1.
Grasp and then leverage system attributes to directional consequences
 
2.
Interact with the system to produce organizational learning and results
 
3.
Manage system congruence between thinking and doing based on system metrics of value
 
Theories of systems, systems management, organizational sense making and system dissonance/congruence are presented to frame the foundations of the CX Tool. In short, the CX Tool seeks to add to the body of knowledge on systems management.
Shannon Flumerfelt, Anabela Alves, Javier Calvo-Amodio, Chris Hoyle, Franz-Josef Kahlen

Additive Manufacturing: A Trans-disciplinary Experience

Objective and Abstract
Objective
Additive Manufacturing (AM) has intrigued the minds of many. The artist can create truly unique designs. The production engineer has a completely new way of making parts. The warfighter can repair or replace equipment on the battlefield. Moreover, any curious person can build trinket and toys at home. As such, the systems challenges facing AM users are not restricted to experts from one domain or one discipline, but are challenges faced by all. This chapter serves to review these transdisciplinary challenges and to discuss opportunities associated with (AM) technologies. The chapter also explores the unique systems challenges created by the widespread adoption of those technologies.
Abstract
As products have become increasingly complex, traditional manufacturing has progressed from an intradisciplinary activity to a multidisciplinary activity to an interdisciplinary activity. The emergence of additive manufacturing is moving manufacturing quickly to a trans-disciplinary activity. Furthermore, the availability of inexpensive AM machines has spawned the maker movement, which has empowered the general public with the ability to design and manufacture a tremendous variety of products. In other words, the public can not only interact with, but also embrace, these various disciplines. As a result, AM is widely considered to be a disruptive manufacturing technology. More importantly, AM is transforming how we understand the manufacture of a product.
Traditional manufacturing has long permitted supply chain partners to operate in isolation: with designers, material suppliers, and manufactures often able to function independently towards the singular goal of creating a product. In AM, however, design, materials, and processes can no longer be segregated. Systems approaches are inherently necessary for the successful creation of a part. The manufacture of design features is no longer restricted by parametric representations. Material properties can be digitally manufactured. To take advantage of these advanced manufacturing options, large amounts of data must be captured, stored, and systematically deployed. The users of this data may range from engineers, to warfighters, to the general public. For this reason, careful consideration must be put into how information is structured, shared, accessed.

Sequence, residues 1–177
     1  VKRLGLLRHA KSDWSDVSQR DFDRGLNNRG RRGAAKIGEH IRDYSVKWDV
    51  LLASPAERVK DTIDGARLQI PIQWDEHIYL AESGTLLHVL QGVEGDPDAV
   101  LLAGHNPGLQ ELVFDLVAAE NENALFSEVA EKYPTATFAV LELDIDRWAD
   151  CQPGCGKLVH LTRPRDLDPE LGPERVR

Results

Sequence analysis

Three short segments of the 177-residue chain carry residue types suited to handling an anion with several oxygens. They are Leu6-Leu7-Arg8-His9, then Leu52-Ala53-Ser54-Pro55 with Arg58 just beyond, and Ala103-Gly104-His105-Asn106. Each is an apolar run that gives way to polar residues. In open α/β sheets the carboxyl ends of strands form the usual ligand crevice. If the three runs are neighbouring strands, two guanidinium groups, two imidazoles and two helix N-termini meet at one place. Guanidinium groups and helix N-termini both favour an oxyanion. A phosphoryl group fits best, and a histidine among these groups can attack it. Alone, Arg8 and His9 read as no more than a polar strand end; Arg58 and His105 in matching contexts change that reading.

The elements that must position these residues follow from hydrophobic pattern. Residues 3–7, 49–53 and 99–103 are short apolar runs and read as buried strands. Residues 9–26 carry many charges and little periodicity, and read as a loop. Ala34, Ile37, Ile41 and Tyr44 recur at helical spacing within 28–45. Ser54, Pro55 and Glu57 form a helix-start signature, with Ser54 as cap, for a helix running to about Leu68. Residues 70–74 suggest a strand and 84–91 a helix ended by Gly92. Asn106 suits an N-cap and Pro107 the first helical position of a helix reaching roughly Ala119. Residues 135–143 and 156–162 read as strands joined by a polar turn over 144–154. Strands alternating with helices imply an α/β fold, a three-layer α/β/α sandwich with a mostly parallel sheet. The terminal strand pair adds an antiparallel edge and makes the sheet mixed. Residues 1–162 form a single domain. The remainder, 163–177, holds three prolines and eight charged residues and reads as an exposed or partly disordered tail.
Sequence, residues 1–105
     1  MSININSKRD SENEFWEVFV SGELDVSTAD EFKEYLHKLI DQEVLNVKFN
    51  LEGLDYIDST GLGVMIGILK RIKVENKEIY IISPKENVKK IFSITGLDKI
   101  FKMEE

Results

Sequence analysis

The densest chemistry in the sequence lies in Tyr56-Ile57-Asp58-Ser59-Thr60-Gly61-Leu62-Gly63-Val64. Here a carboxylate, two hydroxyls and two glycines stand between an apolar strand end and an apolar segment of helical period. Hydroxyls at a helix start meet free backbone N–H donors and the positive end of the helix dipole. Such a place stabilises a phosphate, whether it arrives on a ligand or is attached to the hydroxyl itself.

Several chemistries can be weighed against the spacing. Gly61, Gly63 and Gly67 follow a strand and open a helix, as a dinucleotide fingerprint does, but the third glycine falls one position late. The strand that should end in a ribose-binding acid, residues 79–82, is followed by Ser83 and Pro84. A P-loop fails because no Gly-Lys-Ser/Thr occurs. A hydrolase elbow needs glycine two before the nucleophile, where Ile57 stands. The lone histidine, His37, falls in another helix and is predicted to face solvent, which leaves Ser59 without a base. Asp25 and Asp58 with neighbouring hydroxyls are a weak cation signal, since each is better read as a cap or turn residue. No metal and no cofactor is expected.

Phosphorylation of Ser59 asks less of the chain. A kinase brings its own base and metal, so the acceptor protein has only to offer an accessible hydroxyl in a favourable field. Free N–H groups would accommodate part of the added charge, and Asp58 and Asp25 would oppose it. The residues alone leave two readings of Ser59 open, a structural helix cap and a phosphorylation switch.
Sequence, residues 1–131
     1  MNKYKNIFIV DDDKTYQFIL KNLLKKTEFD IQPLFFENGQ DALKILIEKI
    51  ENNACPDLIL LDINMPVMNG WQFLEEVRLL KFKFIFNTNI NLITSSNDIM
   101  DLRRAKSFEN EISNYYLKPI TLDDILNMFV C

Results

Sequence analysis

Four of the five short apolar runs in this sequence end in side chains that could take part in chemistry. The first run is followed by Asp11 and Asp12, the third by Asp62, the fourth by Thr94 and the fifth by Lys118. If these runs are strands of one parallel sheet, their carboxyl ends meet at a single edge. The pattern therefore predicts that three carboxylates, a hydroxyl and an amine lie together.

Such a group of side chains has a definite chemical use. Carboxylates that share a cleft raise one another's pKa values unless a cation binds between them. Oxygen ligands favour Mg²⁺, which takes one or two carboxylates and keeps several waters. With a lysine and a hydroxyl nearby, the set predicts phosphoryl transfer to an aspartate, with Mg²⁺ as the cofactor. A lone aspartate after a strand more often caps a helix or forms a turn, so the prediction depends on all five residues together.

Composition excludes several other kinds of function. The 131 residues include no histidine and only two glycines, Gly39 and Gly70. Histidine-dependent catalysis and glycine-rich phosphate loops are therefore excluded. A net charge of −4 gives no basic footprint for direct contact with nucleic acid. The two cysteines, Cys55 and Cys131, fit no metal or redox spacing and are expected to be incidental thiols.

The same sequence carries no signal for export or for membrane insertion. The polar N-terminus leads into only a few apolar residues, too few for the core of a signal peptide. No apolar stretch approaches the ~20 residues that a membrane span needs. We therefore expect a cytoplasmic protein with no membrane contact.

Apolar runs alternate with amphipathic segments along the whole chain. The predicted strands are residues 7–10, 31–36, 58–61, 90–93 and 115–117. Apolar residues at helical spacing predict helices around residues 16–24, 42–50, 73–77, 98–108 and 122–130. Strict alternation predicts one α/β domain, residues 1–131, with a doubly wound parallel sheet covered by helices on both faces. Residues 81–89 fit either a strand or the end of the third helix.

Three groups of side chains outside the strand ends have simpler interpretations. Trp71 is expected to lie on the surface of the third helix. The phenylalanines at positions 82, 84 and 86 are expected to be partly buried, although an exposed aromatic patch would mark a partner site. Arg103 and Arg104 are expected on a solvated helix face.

This chapter will review the detailed knowledge required from different disciplines to successfully manufacture a product using AM technologies. We will discuss emerging opportunities, from the manufacture of assemblies to the printing of electronics. We will explore the trans-disciplinary nature of additive manufacturing. We discuss how additive technologies have transcended the reach of traditional manufacturing and brought design and manufacture directly to the consumer. Finally, we will explore information barriers in additive manufacturing, and discuss how systems applications can help open new doors.
Paul Witherell, Yan Lu, Al Jones

Expanding Sociotechnical Systems Theory Through the Trans-disciplinary Lens of Complexity Theory

Abstract
This chapter reviews insights on complex sociotechnical systems theory and proposes that the theory can benefit by adopting and extending concepts and methods from complexity theory. Such expansion will better inform organizational analysis in the context of complex systems engineering. Sociotechnical systems theory integrates an understanding of group dynamics with an appreciation for the technical environment in which organizational work is carried out, pointing to the complex interdependencies among social dynamics and technical systems. This chapter will review sociotechnical systems theory and suggest extensions drawing on well-established research on the social psychology of groups, as well as contemporary research from network science, and emerging frameworks from epidemiological and sociophysics research to provide a more comprehensive perspective on complex systems. An explicit integration of complexity theory and sociotechnical systems theory reveals new strategies to enhance modeling and understanding of complex social and technical interdependencies that impact systems engineering.